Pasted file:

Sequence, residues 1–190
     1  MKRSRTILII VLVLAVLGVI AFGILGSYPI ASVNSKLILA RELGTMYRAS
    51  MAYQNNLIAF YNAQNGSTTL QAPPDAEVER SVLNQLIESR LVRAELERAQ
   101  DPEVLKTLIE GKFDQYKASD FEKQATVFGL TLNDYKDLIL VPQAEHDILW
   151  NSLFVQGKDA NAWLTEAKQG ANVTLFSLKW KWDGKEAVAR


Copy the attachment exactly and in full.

Sequence, residues 1–190
     1  MKRSRTILII VLVLAVLGVI AFGILGSYPI ASVNSKLILA RELGTMYRAS
    51  MAYQNNLIAF YNAQNGSTTL QAPPDAEVER SVLNQLIESR LVRAELERAQ
   101  DPEVLKTLIE GKFDQYKASD FEKQATVFGL TLNDYKDLIL VPQAEHDILW
   151  NSLFVQGKDA NAWLTEAKQG ANVTLFSLKW KWDGKEAVAR